Laurier statue project strife continues
22 statues will be placed on Laurier’s Waterloo campus, but not without opposition.
The controversy continues surrounding Wilfrid Laurier University’s Waterloo campus’ newly unveiled Prime Ministers Statue Project.
The project, which was originally proposed for and rejected by the City of Kitchener, was announced earlier this summer by university administration.
The first statue, that of former Prime Minister John A. McDonald, was unveiled in July, with the remaining 21 statues set to be erected over the coming years.
The project proved controversial at Laurier when a PhD candidate at Western University voiced his objection to the project at the unveiling, on the grounds of its content running contrary to the Waterloo region’s cultural heritage and diversity.
Another voice has been raised in opposition in the form of a petition created on Change.org by one of Laurier’s own faculty members, Jonathan Finn, chair of the communication studies department.
“I was familiar with the debate when it was proposed for the City of Kitchener, and was shocked, to put it quite mildly, that it came to Laurier, in the way that it did, that there was absolutely no discussion,” said Finn. “Other people I spoke to, students, staff, alumnae, were equally as shocked, so I thought why not, I’ll start a petition.”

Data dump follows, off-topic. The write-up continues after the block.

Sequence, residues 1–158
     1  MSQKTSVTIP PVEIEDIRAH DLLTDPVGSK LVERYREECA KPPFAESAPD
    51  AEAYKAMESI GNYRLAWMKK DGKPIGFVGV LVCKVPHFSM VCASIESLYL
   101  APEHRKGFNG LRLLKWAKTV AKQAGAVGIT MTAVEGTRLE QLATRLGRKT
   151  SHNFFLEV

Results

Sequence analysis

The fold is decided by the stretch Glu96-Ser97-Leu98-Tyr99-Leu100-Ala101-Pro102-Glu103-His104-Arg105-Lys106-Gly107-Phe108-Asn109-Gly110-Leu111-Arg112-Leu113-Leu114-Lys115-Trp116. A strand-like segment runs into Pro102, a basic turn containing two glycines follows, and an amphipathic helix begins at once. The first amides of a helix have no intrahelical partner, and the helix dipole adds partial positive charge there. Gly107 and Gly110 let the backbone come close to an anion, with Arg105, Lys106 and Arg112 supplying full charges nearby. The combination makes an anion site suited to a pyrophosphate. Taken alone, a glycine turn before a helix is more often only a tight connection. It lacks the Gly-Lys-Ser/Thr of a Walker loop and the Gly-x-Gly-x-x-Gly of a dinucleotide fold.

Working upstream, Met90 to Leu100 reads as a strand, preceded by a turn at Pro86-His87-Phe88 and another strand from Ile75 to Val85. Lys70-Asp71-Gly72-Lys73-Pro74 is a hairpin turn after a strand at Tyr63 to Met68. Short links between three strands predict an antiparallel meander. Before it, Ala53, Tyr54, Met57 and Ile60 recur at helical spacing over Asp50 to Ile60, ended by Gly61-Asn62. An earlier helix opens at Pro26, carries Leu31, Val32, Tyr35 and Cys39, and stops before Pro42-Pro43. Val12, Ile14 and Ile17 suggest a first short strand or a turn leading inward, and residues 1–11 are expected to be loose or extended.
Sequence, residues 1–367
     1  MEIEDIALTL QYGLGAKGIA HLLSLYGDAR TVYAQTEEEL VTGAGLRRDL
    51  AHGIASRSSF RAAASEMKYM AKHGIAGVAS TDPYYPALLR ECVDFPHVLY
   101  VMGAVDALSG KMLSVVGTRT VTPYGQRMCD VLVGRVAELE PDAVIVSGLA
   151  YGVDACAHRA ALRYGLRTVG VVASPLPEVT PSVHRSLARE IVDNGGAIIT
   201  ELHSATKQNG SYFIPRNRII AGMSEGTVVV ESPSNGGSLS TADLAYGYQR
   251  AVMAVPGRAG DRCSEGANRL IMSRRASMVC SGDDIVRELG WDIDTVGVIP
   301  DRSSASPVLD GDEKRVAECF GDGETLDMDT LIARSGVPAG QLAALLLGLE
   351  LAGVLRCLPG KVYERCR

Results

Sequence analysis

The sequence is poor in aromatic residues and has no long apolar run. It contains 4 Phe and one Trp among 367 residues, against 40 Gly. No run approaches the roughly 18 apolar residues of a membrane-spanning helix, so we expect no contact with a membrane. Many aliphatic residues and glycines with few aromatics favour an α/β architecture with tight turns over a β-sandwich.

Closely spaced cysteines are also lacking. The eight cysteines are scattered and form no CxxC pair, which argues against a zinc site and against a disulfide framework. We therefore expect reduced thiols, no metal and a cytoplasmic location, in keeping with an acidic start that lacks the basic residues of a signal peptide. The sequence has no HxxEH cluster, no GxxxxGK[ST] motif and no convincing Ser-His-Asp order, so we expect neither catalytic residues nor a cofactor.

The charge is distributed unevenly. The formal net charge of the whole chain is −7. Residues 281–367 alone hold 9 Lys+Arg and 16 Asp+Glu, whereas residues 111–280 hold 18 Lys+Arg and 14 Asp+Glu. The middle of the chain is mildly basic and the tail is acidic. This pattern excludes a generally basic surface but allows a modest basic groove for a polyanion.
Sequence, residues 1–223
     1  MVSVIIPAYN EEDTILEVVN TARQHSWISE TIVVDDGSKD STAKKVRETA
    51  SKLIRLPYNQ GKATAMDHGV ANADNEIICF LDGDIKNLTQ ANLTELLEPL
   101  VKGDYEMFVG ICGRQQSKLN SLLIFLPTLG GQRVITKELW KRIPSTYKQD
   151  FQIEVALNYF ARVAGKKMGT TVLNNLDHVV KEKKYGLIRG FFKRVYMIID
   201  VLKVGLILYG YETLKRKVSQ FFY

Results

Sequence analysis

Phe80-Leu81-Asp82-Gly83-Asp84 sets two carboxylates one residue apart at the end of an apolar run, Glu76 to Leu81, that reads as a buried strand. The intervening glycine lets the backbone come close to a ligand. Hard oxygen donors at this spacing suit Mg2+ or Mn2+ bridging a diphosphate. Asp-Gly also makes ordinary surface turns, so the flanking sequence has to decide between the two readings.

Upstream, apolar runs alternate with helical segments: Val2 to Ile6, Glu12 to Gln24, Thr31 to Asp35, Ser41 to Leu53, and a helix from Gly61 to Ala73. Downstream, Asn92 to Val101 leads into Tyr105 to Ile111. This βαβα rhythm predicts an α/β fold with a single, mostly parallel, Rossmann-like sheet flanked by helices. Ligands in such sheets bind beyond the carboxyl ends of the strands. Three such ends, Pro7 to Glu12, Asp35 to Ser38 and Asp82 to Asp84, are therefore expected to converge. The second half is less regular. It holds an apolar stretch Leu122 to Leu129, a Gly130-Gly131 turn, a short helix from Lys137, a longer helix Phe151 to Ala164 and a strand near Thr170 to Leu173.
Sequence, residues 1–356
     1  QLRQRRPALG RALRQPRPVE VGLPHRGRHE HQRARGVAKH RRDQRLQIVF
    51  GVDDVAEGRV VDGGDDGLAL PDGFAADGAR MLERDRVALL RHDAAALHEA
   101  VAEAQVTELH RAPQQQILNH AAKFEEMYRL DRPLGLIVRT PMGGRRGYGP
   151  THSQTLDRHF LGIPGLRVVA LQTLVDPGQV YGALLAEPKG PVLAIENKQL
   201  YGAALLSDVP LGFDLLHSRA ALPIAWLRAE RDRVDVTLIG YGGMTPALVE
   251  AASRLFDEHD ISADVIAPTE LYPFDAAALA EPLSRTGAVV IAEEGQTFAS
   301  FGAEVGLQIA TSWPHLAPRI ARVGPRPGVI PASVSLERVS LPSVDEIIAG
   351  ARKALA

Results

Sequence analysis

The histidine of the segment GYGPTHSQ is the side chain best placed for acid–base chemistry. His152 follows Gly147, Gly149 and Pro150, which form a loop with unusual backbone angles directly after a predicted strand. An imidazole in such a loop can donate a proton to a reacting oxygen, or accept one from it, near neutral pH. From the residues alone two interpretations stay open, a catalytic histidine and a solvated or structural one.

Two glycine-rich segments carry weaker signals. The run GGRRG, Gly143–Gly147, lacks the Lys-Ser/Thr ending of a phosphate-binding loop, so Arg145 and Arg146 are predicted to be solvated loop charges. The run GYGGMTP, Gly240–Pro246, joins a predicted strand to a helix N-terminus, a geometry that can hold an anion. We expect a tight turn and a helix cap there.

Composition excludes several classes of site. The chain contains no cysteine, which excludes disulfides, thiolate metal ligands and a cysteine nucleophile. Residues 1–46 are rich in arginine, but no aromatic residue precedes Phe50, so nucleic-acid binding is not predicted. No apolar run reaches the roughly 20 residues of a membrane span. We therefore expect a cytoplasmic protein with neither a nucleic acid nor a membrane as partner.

The petition, titled ‘Stop the Statues Project,’ states that the project is lacking in artistic merit and runs counter to the cultural diversity of the Kitchener-Waterloo region.
The primary issue Finn raised is the lack of involvement offered to the Laurier community prior to administration having agreed to house the project, with the decision made independently by the president and board of governors.
“Maybe when the students get back, an overwhelming majority say yes we want it. But the point is, that discussion should take place before this statue project was ever decided on.”
Similar to the concerns voiced at the project’s unveiling, the topic of cost was raised once more, with continuing questions surrounding the actual burden the university has undertaken to install and maintain the pieces.
“We’ve just come out of a year where we’ve been told that we’re in a very bad financial situation, that we need to ask people to retire early, that we need to lay-off and fire people,” said Finn.
“So to then turn around and bring in a very controversial project without any discussion, a controversial artistic project, without any discussion, seems a very peculiar choice.”
Despite Laurier president Max Blouw hopes that the statues will attract visitors to the campus as a discussion piece, and act as a possible destination for elementary field trips.
This concept was additionally viewed as an unnecessary addition to campus life.
“This sounds a lot like the mouse project in Toronto, and they’ve been done in different cities the world over to varying degrees,” said Finn. “But those are all tourism initiatives, and we’re not a theme park.”